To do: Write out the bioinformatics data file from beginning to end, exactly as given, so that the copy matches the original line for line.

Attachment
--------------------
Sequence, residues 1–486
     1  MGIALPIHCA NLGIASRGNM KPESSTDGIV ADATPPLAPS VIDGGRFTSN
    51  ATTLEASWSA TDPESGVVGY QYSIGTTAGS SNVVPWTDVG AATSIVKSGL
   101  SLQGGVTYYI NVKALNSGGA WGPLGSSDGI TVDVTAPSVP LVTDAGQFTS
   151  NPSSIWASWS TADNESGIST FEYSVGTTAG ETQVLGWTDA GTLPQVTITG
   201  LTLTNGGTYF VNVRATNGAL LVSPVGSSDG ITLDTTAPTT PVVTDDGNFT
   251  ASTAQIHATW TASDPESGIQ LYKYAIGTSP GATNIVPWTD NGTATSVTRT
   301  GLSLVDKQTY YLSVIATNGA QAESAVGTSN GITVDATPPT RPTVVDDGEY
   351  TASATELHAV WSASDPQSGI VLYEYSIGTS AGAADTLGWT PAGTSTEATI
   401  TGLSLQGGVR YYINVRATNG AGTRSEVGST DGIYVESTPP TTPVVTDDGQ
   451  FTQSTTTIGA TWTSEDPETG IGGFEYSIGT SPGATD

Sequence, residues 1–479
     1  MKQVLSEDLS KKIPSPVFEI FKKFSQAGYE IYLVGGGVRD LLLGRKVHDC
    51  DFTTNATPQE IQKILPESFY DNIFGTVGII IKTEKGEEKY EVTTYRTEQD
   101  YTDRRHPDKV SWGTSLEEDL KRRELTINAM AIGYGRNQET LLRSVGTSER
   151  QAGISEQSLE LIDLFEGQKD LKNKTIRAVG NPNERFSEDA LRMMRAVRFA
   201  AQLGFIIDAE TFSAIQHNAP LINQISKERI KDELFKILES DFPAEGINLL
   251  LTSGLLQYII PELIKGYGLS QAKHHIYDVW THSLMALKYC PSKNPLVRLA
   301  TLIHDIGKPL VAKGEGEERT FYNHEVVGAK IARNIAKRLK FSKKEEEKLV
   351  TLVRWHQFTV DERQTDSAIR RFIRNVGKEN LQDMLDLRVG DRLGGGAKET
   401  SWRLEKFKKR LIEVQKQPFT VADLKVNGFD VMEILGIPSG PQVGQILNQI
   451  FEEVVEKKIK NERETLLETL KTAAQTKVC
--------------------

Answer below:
Sequence, residues 1–486
     1  MGIALPIHCA NLGIASRGNM KPESSTDGIV ADATPPLAPS VIDGGRFTSN
    51  ATTLEASWSA TDPESGVVGY QYSIGTTAGS SNVVPWTDVG AATSIVKSGL
   101  SLQGGVTYYI NVKALNSGGA WGPLGSSDGI TVDVTAPSVP LVTDAGQFTS
   151  NPSSIWASWS TADNESGIST FEYSVGTTAG ETQVLGWTDA GTLPQVTITG
   201  LTLTNGGTYF VNVRATNGAL LVSPVGSSDG ITLDTTAPTT PVVTDDGNFT
   251  ASTAQIHATW TASDPESGIQ LYKYAIGTSP GATNIVPWTD NGTATSVTRT
   301  GLSLVDKQTY YLSVIATNGA QAESAVGTSN GITVDATPPT RPTVVDDGEY
   351  TASATELHAV WSASDPQSGI VLYEYSIGTS AGAADTLGWT PAGTSTEATI
   401  TGLSLQGGVR YYINVRATNG AGTRSEVGST DGIYVESTPP TTPVVTDDGQ
   451  FTQSTTTIGA TWTSEDPETG IGGFEYSIGT SPGATD

Sequence, residues 1–479
     1  MKQVLSEDLS KKIPSPVFEI FKKFSQAGYE IYLVGGGVRD LLLGRKVHDC
    51  DFTTNATPQE IQKILPESFY DNIFGTVGII IKTEKGEEKY EVTTYRTEQD
   101  YTDRRHPDKV SWGTSLEEDL KRRELTINAM AIGYGRNQET LLRSVGTSER
   151  QAGISEQSLE LIDLFEGQKD LKNKTIRAVG NPNERFSEDA LRMMRAVRFA
   201  AQLGFIIDAE TFSAIQHNAP LINQISKERI KDELFKILES DFPAEGINLL
   251  LTSGLLQYII PELIKGYGLS QAKHHIYDVW THSLMALKYC PSKNPLVRLA
   301  TLIHDIGKPL VAKGEGEERT FYNHEVVGAK IARNIAKRLK FSKKEEEKLV
   351  TLVRWHQFTV DERQTDSAIR RFIRNVGKEN LQDMLDLRVG DRLGGGAKET
   401  SWRLEKFKKR LIEVQKQPFT VADLKVNGFD VMEILGIPSG PQVGQILNQI
   451  FEEVVEKKIK NERETLLETL KTAAQTKVC